Faculty and Researchers
Berhanu AdmassuSenior Researcher
Berhanu has worked on community-based programs with pastoralist communities in Ethiopia, Sudan and Kenya and is an expert on livestock policy reforms related to poverty reduction. Part of this work includes ensuring effective primary animal health care delivery and surveillance systems, focusing in the pastoral regions of Africa. His extensive experience of working directly with marginalized African communities, particularly in pastoralist areas, enables him to link realities at community level to the concerns and objectives of policy makers.
He has been actively engaged in both participatory analysis at field level, and facilitation and negotiation of policy processes at senior national and regional levels. He has also many years experience of working with non-governmental agencies and professional associations in Africa to successfully lobby government to achieve radical policy reforms related to livestock trade and veterinary service provision in rural areas. He has accumulated extensive experience of working in livestock projects in a wide range of environments with rural communities. After graduating from veterinary school, he joined the Ministry of Agriculture in Ethiopia, where he held different positions with increasing responsibilities. He started as Junior Veterinary Officer and progressed through different posts including Team Leader, Pan African Rinderpest Campaign (PARC) Branch Co-ordinator and Head of Regional Veterinary Laboratory.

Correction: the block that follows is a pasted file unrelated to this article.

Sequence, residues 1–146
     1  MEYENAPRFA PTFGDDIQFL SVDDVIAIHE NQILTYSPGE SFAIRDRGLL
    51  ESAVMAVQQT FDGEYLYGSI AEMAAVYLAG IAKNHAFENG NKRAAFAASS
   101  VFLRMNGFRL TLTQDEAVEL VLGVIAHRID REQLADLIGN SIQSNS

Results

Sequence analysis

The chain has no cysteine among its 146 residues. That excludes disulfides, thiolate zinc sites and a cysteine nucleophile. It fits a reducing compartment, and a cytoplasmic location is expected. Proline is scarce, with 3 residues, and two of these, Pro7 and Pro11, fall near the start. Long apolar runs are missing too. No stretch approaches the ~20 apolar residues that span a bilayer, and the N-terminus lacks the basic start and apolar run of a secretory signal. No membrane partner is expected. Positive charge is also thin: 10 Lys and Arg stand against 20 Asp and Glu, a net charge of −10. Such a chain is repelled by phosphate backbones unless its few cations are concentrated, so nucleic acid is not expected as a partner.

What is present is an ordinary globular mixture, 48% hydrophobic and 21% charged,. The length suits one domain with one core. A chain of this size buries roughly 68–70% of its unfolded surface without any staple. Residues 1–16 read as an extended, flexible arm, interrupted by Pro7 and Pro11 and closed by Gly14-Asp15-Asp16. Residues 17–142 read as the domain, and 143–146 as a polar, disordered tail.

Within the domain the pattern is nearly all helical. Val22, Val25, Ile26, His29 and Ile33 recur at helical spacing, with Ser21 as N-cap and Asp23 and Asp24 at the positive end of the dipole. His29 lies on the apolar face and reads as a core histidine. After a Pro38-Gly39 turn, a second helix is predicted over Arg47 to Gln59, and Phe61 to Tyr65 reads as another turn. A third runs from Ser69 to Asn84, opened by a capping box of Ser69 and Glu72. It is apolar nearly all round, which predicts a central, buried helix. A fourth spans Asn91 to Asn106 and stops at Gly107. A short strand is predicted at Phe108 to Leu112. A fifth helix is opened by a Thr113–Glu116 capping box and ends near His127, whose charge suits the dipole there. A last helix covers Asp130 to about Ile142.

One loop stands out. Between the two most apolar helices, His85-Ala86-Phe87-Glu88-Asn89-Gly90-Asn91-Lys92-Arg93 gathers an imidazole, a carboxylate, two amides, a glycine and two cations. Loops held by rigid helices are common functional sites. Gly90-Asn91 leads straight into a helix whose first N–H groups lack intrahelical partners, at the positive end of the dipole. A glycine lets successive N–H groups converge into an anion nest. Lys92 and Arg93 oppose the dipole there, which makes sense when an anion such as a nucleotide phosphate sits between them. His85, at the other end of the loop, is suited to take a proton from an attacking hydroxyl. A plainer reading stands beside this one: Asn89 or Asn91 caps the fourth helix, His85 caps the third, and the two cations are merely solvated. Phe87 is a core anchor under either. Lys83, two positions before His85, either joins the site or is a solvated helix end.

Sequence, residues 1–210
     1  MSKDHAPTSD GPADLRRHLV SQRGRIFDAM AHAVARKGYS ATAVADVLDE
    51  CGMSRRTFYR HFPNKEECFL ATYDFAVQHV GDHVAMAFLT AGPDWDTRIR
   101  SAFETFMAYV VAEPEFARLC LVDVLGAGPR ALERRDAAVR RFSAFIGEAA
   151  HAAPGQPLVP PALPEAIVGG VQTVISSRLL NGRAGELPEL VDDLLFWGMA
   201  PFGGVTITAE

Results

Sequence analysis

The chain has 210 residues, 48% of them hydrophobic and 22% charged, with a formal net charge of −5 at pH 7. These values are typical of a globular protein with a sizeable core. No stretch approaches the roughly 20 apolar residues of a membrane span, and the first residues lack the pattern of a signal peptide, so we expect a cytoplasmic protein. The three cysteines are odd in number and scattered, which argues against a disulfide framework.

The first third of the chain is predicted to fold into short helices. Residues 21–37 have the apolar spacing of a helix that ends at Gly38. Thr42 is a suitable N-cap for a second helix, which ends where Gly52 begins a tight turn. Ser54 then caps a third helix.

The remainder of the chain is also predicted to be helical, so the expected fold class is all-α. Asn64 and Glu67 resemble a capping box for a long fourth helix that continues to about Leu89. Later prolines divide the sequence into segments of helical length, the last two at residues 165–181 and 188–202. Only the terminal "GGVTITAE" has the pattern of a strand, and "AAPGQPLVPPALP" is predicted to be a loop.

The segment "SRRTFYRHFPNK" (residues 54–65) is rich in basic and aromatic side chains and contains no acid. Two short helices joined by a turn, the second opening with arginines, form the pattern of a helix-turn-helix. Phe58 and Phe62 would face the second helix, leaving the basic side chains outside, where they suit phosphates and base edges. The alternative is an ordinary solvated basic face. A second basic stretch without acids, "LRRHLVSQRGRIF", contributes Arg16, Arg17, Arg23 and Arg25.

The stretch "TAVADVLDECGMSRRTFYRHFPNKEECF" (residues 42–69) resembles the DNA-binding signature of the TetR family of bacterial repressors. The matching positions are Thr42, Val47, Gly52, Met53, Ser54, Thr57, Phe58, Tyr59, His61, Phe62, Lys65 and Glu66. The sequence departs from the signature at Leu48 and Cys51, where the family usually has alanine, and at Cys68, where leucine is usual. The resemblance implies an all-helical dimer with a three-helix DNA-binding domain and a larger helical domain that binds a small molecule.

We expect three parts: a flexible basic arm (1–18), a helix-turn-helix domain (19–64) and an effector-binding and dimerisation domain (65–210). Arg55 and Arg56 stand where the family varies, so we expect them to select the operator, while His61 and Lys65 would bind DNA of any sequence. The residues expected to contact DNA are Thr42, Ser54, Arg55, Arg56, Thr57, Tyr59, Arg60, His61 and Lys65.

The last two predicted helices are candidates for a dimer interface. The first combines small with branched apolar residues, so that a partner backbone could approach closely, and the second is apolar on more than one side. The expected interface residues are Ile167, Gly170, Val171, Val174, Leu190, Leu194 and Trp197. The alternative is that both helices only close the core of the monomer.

Prior to joining Tufts, he worked with the African Union’s Interafrican Bureau for Animal Resources (AU/IBAR) as an Institutional and Policy support advisor and project coordinator and led the field-level and policy support to governmental and non-governmental partners.
He holds a DVM degree in Veterinary Medicine from the University of Addis Ababa and a Masters degree in Tropical Veterinary Medicine from the University of Edinburgh and has applied this knowledge in national and regional level animal disease surveillance and monitoring program.
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The study on livestock exports and related benefits has helped to raise awareness of processes of commercialization in pastoralist areas, and how this trend contributes to a robust group of commercial actors on the one side, and increasing pastoral destitution on the other.Read More
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